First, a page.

The Pressure’s on to Reduce Compressed Air

by | Oct 18, 2021 | News | 0 comments

Brillopak re-engineers its UniPAKer compressed air pressure system and end-effector vacuum generators, saving at least 10% in power usage.

Although air is considered by most to be a free commodity, the reality is when air is being compressed to support manufacturing processes, it can be an inefficient and expensive process.

Here we examine the sustainability challenges of compressed air and the steps we have taken to address this issue on its UniPAKer robotic crate packing series.

The sustainability of compressed air as an industrial power source is a bit of an oxymoron. Air itself is clean, safe, convenient and abundantly available. However, the environmental impact of poorly maintained compressed air systems has been long debated.

Reviewing a facility’s compressed air system will undoubtedly reveal many opportunities for reducing energy consumption. All of which can result in considerable savings, improved operating costs, without large capital expenditures.

Used to operate equipment such as pneumatic controls, air tools, pumps, valve actuators, robotics, pistons and larger-scale processes, compressed air typically accounts for up to 40 percent of a manufacturing facility’s total energy bill. Additionally, leak rates can ex-ceed 50% on some compressed air systems.

As well as being a direct source of wasted energy, these leaks can cause major pressure system drops affecting output. This in turn makes the compressor work even harder, shortening the equipment’s lifespan and causing excessive equipment wear and tear.

Taking the lead to reduce automation carbon emissions and meet the UK’s new 2050 Net Zero targets, we’ve re-engineered our UniPAKer’s compressed air pressure system and end-effector vacuum generators.

Working collaboratively with the cartridge manufacturer, we have successfully built the vacuum generators into the end-effector head. Now, rather than sitting external to the end-effector, air is drawn into the centre of the head and fed to each of the five generators, all of which are contained within a special internal casing. Delivering more consistent, targeted and faster airflow.

Tested against early-generation end-effectors, we report a 45 percent reduction in air use when picking up and moving products of the same weight into retail crates. Our director Peter Newman explains. “When we examined the volume and flow rate data on the UniPAKer equipped with these new end effectors, we measured the compressed air system operating at a much lower stable pressure in shorter quicker bursts.”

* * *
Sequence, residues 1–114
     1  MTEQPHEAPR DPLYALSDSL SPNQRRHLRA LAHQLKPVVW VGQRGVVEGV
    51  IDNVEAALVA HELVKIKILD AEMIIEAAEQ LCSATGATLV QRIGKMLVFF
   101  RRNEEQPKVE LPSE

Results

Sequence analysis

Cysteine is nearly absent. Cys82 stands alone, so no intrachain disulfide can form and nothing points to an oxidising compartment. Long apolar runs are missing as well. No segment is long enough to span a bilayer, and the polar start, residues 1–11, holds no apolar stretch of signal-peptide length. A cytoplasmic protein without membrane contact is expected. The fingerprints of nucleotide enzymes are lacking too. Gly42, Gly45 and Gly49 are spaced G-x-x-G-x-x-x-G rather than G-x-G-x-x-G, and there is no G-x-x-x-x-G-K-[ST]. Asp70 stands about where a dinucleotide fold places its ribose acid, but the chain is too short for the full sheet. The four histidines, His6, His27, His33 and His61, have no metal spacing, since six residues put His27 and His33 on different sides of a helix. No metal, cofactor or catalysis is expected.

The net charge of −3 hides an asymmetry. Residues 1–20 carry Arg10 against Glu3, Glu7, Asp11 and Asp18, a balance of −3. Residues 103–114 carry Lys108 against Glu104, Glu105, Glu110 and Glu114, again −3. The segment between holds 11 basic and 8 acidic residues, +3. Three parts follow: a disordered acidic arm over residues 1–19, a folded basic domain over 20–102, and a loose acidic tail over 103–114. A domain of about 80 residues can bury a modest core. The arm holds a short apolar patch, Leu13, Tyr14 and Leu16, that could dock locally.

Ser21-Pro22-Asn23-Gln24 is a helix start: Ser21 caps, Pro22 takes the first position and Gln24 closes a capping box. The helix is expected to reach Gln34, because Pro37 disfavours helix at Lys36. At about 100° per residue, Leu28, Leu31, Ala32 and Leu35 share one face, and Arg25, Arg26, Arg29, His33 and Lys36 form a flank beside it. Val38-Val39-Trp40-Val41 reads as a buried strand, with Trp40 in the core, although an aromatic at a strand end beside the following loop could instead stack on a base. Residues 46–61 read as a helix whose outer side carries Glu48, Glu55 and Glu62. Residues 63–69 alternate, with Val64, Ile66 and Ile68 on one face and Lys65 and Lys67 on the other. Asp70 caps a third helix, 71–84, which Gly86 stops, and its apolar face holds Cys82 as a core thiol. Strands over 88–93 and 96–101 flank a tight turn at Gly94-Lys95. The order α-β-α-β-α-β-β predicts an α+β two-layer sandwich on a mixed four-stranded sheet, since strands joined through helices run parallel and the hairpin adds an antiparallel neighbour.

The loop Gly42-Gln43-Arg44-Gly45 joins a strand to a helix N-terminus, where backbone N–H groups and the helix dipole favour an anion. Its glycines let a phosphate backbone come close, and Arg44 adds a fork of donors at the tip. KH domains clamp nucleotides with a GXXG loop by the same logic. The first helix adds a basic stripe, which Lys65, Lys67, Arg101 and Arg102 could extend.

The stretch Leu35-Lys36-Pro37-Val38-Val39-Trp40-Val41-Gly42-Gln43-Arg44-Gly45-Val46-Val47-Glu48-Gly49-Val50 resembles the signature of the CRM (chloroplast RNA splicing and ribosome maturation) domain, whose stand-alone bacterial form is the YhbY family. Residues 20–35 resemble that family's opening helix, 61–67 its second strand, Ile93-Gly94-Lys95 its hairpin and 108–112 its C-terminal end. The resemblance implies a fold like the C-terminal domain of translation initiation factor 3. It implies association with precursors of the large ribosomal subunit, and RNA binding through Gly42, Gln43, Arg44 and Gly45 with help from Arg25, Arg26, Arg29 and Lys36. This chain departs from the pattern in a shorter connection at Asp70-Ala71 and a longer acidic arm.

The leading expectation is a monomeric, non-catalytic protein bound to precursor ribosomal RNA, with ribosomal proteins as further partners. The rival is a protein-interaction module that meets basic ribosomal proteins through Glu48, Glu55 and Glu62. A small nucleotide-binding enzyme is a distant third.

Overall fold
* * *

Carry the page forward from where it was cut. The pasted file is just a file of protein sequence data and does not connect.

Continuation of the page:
Creating sustainable value across the entire packing cycle, by adopting this ‘whole system air flow approach’ and improved control and distribution of air, we report a 10% reduction in power usage compared to previous models in the series.

Targeting climate neutral

Servo drives are proven to be extremely efficient relative to power use in automated cells. By carefully controlling all aspects of the work envelope, the acceleration and deceleration of the robotic arm is better controlled. Striking the optimum balance of fast acceleration and gentle pick and placement, the movement of the UniPAKer’s arm is fluid. “There’s no wasted time. As an electrically-powered robot, energy is only used when the robot is in motion,” explains Peter.

To help manufacturers meet the UK’s new 2050 Net Zero targets, we have expended a lot of energy re-examining all potential resource-intensive tasks, including the efficiency of every process and component to ensure power is not being wasted. For example, integrating our cells with electronics up the line helps to pre-empt bottlenecks, address production lags and respond instantly. If no products are coming off the bagging machines down the line, idle conveyors stop.

Sustainability is a never ending cycle of improvements, notes the self-professed eco-engineer. “At Brillopak, every action makes a difference. We have a duty to examine all direct and indirect emissions. Applying the concept of the circular economy that every-thing has a value, we always use tried and tested energy-efficient components in every build,” says Peter.

Conveyors used in Brillopak cells, for example, are sourced from a company that only include motors, inverters and mechatronic drives with optimised energy efficiency. Likewise, the company optimises the payload/arm weight ratio to maximise efficiency. Automating tasks like case loading and palletising has long been presented as a solution to boost productivity and efficiency and address labour shortages.

The same pressure is on for compressed air systems. As an integral part of the manufacturing process they are unlikely to disappear any time soon. Yet, as Brillopak has uncovered, there are more sustainable options to reduce the psi which in turn reduces energy consumption.